Evaluating the importance of characterizing soil structure and horizons in parameterizing a hydrologic process model

Hydrological Processes



Incorporating the influence of soil structure and horizons into parameterizations of distributed surface water/groundwater models remains a challenge. Often, only a single soil unit is employed, and soil-hydraulic properties are assigned based on textural classification, without evaluating the potential impact of these simplifications. This study uses a distributed physics-based model to assess the influence of soil horizons and structure on effective parameterization. This paper tests the viability of two established and widely used hydrogeologic methods for simulating runoff and variably saturated flow through layered soils: (1) accounting for vertical heterogeneity by combining hydrostratigraphic units with contrasting hydraulic properties into homogeneous, anisotropic units and (2) use of established pedotransfer functions based on soil texture alone to estimate water retention and conductivity, without accounting for the influence of pedon structures and hysteresis. The viability of this latter method for capturing the seasonal transition from runoff-dominated to evapotranspiration-dominated regimes is also tested here. For cases tested here, event-based simulations using simplified vertical heterogeneity did not capture the state-dependent anisotropy and complex combinations of runoff generation mechanisms resulting from permeability contrasts in layered hillslopes with complex topography. Continuous simulations using pedotransfer functions that do not account for the influence of soil structure and hysteresis generally over-predicted runoff, leading to propagation of substantial water balance errors. Analysis suggests that identifying a dominant hydropedological unit provides the most acceptable simplification of subsurface layering and that modified pedotransfer functions with steeper soil-water retention curves might adequately capture the influence of soil structure and hysteresis on hydrologic response in headwater catchments.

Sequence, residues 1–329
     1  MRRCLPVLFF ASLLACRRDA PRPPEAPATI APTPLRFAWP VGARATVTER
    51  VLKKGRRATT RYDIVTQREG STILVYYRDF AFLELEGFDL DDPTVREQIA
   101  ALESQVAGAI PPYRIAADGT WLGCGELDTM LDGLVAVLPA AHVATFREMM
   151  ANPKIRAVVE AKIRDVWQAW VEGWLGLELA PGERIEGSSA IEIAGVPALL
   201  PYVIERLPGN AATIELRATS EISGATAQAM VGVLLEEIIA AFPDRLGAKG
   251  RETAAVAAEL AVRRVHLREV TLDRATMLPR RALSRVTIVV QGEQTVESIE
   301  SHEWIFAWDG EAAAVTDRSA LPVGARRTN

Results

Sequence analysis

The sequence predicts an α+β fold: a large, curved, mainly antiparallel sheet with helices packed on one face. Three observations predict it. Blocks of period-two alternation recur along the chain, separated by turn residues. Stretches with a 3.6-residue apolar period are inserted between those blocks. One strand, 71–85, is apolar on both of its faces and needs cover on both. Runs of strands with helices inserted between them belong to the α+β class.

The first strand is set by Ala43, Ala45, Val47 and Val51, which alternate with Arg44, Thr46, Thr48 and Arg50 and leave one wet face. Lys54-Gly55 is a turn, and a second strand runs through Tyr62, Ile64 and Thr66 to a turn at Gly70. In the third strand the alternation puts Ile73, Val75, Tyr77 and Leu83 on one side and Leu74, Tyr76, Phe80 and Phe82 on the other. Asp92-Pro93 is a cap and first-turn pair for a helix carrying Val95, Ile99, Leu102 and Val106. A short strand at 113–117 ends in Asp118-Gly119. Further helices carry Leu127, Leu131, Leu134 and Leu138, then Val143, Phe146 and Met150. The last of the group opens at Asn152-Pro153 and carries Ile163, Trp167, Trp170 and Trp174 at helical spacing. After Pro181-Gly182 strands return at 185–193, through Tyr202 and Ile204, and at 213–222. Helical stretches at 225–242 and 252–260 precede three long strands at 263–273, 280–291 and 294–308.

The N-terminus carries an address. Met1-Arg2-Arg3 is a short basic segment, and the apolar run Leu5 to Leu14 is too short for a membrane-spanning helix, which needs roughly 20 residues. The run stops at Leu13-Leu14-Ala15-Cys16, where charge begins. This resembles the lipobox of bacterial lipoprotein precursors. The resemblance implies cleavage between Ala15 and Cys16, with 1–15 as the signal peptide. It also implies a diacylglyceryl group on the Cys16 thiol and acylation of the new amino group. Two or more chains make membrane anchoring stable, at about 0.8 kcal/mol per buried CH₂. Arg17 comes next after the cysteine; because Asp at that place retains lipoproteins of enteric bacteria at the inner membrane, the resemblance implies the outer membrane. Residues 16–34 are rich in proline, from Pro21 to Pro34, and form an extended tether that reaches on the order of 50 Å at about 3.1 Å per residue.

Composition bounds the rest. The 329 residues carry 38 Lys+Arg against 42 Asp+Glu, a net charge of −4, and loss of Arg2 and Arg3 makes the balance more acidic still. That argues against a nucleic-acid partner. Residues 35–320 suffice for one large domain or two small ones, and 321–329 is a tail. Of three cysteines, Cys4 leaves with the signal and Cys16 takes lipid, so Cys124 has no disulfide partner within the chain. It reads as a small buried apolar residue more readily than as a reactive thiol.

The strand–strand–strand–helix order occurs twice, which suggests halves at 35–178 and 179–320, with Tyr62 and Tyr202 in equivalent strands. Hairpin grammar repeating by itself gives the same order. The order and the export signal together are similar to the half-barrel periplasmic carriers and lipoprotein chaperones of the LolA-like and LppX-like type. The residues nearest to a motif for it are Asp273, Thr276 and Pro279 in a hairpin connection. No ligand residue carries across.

Publication type Article
Publication Subtype Journal Article
Title Evaluating the importance of characterizing soil structure and horizons in parameterizing a hydrologic process model
Series title Hydrological Processes
DOI 10.1002/hyp.10592
Volume 29
Year Published 2015
Language English
Publisher Wiley
Publisher location Chichester, Sussex
Contributing office(s) Geologic Hazards Science Center
Description 13 p.
First page 4611
Last page 4623
Online Only (Y/N) N
Additional Online Files (Y/N) N
Google Analytic Metrics Metrics page
Additional publication details